Finding the Fall Line
September 24th, 2009
September 24th, 2009
I’ve never worn a pair of crampons. I’ve never wielded an ice axe. And I’ve definitely never been snow camping. However, my favorite climber, who scales mountains weekly, has given me a rather intimate knowledge of the—completely outrageous—sport of mountaineering. And if for that reason alone, I can say I am preeminently qualified to declare that mountaineering is exactly like international politics. Well, minus the whole “risking your life” part.
Mountaintops provide a convenient symbol for anything from achievement to power. So it doesn’t come as a surprise that the meeting of the world’s twenty most powerful leaders is called the G20 “summit.” Actually, the copycat nomenclature runs far deeper. For instance: the diplomats who lay the groundwork for the G20 leaders’ trip to the summit? They’re dubbed “Sherpa,” with a dash of self-aware irony, after the Nepalese guides who help mountaineers scale peaks in Nepal. And with what may be a move to thrash the symbol to death, the G20 Sherpa’s aides are called “yaks.”
But while we’re in the business of beating the life out of symbols, I thought I’d talk a bit more about world politics and mountaineering. Today the latest G20 summit commenced in Pittsburgh. The Task Force and GFI have both been hard at work pushing leaders to put financial transparency and illicit financial flows at the top of the agenda. So far things look good; a leaked letter from Michael Froman, the U.S. Sherpa, suggests the issue is very much on the table. His letter states:
As we take these steps to increase the flow of capital to developing countries, we also need to prevent its illicit outflow. We should work with the World Bank and others to stem these flows and to secure the return of stolen assets to developing countries.
But as we saw in April, when the G20 summit in London declared the “era of banking secrecy is over,” commitments from the summit, even coming from the world’s most powerful, is not enough. Words must be followed by action; talking about it is only a step towards the goal. It’s not the end.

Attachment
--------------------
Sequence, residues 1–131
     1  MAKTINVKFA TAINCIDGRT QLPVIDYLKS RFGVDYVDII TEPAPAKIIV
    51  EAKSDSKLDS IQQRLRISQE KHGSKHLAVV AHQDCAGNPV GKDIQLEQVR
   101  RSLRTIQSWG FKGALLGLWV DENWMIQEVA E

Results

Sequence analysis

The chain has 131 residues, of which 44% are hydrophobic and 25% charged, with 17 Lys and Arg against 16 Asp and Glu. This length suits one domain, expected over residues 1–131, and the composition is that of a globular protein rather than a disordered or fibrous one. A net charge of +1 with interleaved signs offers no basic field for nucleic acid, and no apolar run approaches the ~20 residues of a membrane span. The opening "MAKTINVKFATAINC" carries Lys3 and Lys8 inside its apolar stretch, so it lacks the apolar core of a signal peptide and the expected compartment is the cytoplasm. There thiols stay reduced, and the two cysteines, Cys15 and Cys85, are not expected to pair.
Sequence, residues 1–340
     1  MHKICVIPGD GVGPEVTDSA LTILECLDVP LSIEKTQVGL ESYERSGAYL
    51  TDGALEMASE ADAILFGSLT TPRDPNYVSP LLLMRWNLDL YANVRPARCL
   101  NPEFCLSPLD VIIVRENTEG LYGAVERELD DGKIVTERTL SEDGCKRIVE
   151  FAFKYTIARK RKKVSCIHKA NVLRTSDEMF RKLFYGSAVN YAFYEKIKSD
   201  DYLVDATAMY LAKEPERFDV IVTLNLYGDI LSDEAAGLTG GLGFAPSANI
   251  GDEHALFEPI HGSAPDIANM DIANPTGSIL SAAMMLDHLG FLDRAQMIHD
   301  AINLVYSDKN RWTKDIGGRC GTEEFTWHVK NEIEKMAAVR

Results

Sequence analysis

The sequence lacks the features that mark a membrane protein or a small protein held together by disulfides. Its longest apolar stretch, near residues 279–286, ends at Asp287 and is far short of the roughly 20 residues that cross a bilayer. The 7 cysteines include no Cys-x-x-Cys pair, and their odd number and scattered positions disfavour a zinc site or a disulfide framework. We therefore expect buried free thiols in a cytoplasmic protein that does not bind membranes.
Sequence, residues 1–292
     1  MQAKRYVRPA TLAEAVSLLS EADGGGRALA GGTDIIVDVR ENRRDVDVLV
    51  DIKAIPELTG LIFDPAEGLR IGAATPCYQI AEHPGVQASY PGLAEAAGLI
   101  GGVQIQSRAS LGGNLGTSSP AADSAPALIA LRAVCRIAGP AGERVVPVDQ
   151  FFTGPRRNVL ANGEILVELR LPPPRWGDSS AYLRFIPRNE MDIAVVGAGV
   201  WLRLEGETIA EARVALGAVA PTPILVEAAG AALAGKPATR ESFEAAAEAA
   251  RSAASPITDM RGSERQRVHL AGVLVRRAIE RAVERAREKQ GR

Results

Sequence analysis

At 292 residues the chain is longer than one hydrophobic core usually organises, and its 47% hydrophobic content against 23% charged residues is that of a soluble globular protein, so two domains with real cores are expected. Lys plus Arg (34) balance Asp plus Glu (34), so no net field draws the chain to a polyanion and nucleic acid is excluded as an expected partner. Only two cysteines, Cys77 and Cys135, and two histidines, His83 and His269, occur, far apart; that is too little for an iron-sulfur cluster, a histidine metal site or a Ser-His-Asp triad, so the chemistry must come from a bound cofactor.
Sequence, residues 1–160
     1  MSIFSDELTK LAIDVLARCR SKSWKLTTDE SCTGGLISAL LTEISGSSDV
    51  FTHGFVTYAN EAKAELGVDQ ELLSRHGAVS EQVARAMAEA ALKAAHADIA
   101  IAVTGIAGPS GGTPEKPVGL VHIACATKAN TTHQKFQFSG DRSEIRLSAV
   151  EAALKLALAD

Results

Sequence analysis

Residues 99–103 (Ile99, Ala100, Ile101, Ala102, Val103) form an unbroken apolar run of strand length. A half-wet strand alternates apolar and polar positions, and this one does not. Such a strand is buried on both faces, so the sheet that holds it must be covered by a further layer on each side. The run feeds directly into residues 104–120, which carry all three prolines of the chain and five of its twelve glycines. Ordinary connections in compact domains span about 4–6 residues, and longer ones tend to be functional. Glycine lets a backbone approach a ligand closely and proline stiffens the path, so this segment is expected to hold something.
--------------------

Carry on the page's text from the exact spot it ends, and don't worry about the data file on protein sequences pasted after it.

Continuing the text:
In an article in Outside Magazine about his summit of Mt. Everest, mountaineer and journalist Jon Krakauer notes:
But the summit was really only the halfway point. Any impulse I might have felt toward self-congratulation was immediately extinguished by apprehension about the long, dangerous descent that lay ahead.
G20 summits, much like their namesakes, are often self-admiring (see picture below). These moments are also short lived. As Krakauer says, the summit is the halfway point. The descent is often equally, if not more, dangerous than the ascent. After all, once a group of climbers has committed to a project (and by my count there is nothing more committing than climbing a mountain or signing a declaration issued by the world’s most powerful), they have to follow through.
In mountaineering, a fall line is the most direct path down a mountain at any given point. So in light of the meetings today and tomorrow, here’s to trusting the G20 has a successful summit attempt by committing to an agenda of financial transparency. And then let’s hope they can find the fall line.